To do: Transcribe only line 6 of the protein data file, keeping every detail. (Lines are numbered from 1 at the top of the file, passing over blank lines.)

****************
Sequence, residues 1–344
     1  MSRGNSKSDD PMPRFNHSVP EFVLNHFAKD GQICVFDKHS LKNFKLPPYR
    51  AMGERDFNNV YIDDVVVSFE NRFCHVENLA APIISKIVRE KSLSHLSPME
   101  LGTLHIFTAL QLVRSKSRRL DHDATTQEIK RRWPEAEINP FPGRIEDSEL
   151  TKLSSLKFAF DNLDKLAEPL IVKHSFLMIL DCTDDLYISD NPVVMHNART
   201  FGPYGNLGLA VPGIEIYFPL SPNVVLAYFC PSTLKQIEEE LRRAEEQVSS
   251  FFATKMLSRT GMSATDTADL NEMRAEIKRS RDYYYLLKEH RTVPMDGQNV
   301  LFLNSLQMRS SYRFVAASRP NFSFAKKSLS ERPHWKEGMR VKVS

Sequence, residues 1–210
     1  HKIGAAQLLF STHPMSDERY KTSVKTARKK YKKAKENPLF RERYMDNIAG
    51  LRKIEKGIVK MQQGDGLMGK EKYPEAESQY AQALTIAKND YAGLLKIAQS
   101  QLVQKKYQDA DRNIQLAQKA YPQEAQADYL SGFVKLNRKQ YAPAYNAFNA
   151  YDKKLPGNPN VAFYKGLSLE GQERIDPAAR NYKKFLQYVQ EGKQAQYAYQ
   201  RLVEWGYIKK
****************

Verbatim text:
   201  FGPYGNLGLA VPGIEIYFPL SPNVVLAYFC PSTLKQIEEE LRRAEEQVSS